LAW:  About two and a half years, yeah.
 
BRUNDLE:  So, at that point you’re looking around for a more permanent job.
 
LAW:  Yeah.  So you know, after a couple years Dan was saying, “You should start looking for a permanent position rather than a post-doc position,” and I was really unsure about what I wanted to do, right?  Go the professor route or go into industry or look at a national lab, and Dan told me, “You would hate working in industry.  I know you would hate it.  You should certainly apply for faculty jobs,” and I was very unsure.  You know, you hear, “Oh, it’s so hard to get a faculty job.  It’s impossible to get a job anywhere.  The job market is terrible.”  You know, you hear all these negative things, and I think if it hadn’t been for Dan really pushing me to look at a faculty job, I probably wouldn’t have done it.  But he pushed pretty hard and I think he was right.  I think I’m certainly much happier in this job than I would have been working for Cree or IBM or whoever.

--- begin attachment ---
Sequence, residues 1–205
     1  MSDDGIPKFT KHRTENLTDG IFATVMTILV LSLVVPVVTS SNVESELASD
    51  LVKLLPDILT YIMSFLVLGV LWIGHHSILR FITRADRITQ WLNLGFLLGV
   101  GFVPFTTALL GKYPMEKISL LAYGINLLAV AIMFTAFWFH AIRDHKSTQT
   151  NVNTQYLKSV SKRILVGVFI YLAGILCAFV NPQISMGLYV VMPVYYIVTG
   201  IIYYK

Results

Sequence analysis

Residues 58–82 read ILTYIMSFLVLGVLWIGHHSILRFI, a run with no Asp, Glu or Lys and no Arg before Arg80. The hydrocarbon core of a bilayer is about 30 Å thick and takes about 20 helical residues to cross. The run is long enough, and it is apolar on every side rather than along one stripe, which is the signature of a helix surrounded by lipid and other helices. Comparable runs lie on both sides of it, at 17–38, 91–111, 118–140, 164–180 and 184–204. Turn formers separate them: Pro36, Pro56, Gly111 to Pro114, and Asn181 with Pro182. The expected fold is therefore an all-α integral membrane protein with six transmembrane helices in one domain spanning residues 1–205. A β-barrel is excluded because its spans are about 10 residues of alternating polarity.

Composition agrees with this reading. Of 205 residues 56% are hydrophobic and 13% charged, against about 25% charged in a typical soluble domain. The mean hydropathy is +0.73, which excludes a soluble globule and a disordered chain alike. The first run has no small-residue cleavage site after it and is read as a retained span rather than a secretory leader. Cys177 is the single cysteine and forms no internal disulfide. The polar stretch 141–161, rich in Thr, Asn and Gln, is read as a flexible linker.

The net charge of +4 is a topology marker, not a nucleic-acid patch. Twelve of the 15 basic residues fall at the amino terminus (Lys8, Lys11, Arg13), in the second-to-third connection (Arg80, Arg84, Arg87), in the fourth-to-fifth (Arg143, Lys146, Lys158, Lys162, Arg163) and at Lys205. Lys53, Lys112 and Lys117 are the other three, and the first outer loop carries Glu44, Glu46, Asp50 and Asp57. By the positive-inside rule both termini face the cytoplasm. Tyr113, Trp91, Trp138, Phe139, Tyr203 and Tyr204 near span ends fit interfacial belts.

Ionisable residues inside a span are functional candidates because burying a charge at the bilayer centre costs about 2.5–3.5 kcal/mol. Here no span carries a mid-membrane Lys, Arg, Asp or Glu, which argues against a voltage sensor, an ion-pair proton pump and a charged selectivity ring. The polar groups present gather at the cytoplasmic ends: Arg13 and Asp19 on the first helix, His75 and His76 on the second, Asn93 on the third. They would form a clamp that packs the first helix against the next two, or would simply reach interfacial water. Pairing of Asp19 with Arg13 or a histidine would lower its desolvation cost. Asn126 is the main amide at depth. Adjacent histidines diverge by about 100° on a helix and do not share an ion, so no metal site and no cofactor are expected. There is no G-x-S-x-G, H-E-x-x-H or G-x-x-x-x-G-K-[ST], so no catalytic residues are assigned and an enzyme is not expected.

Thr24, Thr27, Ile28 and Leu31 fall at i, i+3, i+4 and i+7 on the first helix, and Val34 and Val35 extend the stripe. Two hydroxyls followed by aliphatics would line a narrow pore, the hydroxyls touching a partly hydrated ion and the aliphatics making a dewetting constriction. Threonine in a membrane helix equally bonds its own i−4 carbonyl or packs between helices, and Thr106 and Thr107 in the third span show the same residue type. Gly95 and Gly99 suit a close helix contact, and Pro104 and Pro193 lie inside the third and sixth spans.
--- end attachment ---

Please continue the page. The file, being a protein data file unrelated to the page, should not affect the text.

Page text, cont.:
BRUNDLE:  Well, you know, there’s industry and industry. 
 
LAW:  Certainly.
 
BRUNDLE:  I spent a lot of my career working in IBM research, but IBM research was different back then.
 
LAW:  Exactly.  Yeah.
 
BRUNDLE:  Before that, a long time before that, I was a post-doc at Bell Labs in their real heyday.
 
LAW:  Yeah, absolutely.
 
BRUNDLE:  It was really the premier national lab of the country, and it was treated that way.
 
LAW:  Oh, for sure.  Yeah, yeah.  Yeah, I mean we have a lot of Bell Labs alumni, if you will, at UD, right, and they say the same thing.